More Challenges Ahead?
Of course, it is not clear yet what DeSantis, Flaugh, or Donalds have in mind specifically for education. But at the very least, the dots are lining up here for a wave of new challenges. As I reported in my earlier story on the FCA, what separates it from other anti-evolution efforts is that these activists are working through the grassroots and training local activists in many counties. It's not a stretch to assume that, with Flaugh and Donalds in a more powerful state role, people who share their views will feel emboldened to express them locally.
It's possible that they will seek changes to the state textbook-adoption process, too; the FCA, in fact, backed a second bill that would have altered it, but that bill got stuck after legislators focused all their attention on school safety following the Parkland tragedy in February.
DeSantis has also promised a review of the state's curriculum standards, and one of his campaign pitches was to "stop [the] common core." The state's science standards, last revised in 2008, are also due for a revision. (Elsewhere in the United States, evolution and climate-change battles sprung up over standards revisions in New Mexico, Arizona, and Idaho in just the past two years.)
Here's a summary of the evolution and climate challenges in Florida and on the outcome of the challenges:
Collier County: Four residents submitted more than 250 individual objections to 18 science textbooks, primarily on how they presented evolution, the weather, and climate change. A hearing officer established the parameters for a special school board meeting and vote but did not issue a recommendation. On a 3-2 vote, the school board upheld the textbooks.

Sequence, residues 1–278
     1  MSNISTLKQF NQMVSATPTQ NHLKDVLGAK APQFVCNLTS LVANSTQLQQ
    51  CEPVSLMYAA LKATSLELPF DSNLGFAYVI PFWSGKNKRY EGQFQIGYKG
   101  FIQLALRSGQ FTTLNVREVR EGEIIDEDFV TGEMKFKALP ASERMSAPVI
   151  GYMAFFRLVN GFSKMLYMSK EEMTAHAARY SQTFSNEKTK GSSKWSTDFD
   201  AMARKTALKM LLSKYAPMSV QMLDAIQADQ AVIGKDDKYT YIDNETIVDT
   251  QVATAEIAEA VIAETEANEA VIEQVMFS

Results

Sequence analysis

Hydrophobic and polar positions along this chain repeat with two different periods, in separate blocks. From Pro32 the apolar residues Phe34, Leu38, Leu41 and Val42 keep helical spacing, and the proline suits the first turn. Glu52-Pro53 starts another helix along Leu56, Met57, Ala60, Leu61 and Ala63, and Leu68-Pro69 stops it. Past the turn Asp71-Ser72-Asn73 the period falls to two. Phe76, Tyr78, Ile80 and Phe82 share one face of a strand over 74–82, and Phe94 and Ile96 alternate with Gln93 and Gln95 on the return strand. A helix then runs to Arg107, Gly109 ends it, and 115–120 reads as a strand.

Martin County: Five residents challenged two of the district's science textbooks, and requested that the district "develop curriculum that presents an objective case both for and against evolution." After the hearing, the hearing officer compared these complaints to the arguments in the 2005 Dover case. He recommended that the county reject the challenges. On a 3-2 vote, the school board voted to retain the books.
Nassau County: A single resident challenged three textbooks arguing that "bacteria to man evolution" is not supported by science and that the material was "inflammatory to every Christian." It sought to have the district place disclaimers on the books. A hearing officer oversaw the presentation of evidence at the hearing, but did not issue a recommendation. The district's chief legal officer warned against a potential lawsuit if the books were thrown out, and the board voted to keep the materials in a 5-0 vote.
What's interesting is that in two of these cases, petitioners came within one vote of winning their challenges. (It's not clear what districts would have done if these challenges had succeeded. Florida's science standards currently do require the teaching of evolution.)
Science advocates in the state are worried.
Brandon Haught, the communication director of Florida Citizens for Science, a group that has closely tracked the local challenges, wrote on the group's blog that he's particularly concerned about what happens if DeSantis prioritizes a review of the state's science standards.
"If it is indeed a 'complete review' then I have no doubt that evolution and climate change will be heavily scrutinized in the science standards, especially if Flaugh and Donalds have any role," he wrote. "Strap in. The next few years are going to be a wild ride."